3 Min Read
SPIELBERG, Austria (Reuters) - Formula One is failing both fans and drivers and needs to become more gladiatorial and less artificial, former Red Bull racer Mark Webber has warned as the sport considers its future direction.
In an interview released by Red Bull ahead of Sunday's Austrian Grand Prix, the Australian echoed calls for change from the energy drink company's billionaire owner Dietrich Mateschitz.
"The championship itself and Formula One itself is not in great shape," said Webber, a runner-up for Porsche in last weekend's Le Mans 24 Hours sportscar race.
"I think we're disappointed with it as F1 fans... All the drivers that I'm talking with, we're disappointed with what's going on with the cars, the lap times, it's just not stimulating for the drivers.
"And this is rubbing off, the fans can see this. Over the last five or six years, they've got many, many, many things wrong to try and make the sport better and it became a sniff too artificial."
Webber, who left Formula One at the end of 2013 after winning nine races for then-dominant Red Bull, had been critical of the direction the sport was taking even before he moved to sportscars.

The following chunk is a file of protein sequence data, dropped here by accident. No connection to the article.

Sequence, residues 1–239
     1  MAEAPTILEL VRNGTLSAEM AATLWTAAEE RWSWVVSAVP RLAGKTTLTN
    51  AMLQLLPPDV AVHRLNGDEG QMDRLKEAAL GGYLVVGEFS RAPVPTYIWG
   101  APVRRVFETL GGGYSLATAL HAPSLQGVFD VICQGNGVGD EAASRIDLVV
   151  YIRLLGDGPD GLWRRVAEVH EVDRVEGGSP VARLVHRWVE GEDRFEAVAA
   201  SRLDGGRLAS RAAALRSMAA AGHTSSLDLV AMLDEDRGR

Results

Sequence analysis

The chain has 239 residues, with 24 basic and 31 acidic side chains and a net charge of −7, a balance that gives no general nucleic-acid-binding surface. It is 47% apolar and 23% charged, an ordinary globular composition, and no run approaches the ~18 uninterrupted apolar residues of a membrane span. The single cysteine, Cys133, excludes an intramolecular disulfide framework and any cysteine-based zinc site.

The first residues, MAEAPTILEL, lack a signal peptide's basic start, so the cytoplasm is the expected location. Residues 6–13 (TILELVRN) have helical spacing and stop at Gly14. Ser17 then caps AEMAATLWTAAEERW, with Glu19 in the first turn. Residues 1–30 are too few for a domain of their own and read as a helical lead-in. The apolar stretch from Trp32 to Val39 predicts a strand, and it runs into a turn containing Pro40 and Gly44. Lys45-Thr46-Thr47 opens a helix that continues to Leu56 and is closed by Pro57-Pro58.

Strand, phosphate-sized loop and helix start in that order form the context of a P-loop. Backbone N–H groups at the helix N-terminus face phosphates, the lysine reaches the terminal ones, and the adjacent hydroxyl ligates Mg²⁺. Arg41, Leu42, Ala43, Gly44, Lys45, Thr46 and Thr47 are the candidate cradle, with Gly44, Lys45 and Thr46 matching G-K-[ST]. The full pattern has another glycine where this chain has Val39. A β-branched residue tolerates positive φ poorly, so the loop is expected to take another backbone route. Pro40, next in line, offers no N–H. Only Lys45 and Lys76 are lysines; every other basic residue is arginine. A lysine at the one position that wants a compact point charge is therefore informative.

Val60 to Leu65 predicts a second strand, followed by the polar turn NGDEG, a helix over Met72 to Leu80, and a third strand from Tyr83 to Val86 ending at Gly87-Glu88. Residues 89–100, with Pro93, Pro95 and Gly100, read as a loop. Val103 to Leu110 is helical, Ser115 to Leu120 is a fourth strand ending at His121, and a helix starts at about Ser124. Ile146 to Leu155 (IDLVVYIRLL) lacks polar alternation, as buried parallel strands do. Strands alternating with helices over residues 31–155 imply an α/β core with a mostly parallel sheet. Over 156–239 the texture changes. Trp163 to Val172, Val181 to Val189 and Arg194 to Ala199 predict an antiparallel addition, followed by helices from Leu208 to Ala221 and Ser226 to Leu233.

Red Bull, whose relationship with engine supplier Renault has soured notably this year after they won four championships in a row together from 2010 to 2013, have also become increasingly vocal in calling for change.
The sport is now looking at ways of making cars faster and lighter for 2017, to allow drivers to race flat out rather than having to coast and save tires and fuel, but various proposals have yet to be finalised.
"There's a lot of questions to be answered and they need to act fast on getting the fans engaged again," said Webber.
"MotoGP, my God, not many people can do that and that's why people watch. Messi, Ronaldo, this is what people love to switch a TV on for," he added.
"We've got a big chance here to keep Formula One like that, but it's not like that at the moment, it's a shame, they've dulled it down."
Webber said making cars five or six seconds faster was not enough.
"The reference point that we now have is horrendous in terms of pace," he added. "It needs to be on a different level. They need to make heavy changes and get the drivers stimulated again and that'll wash off on the fans."
Reporting by Alan Baldwin, editing by Toby Davis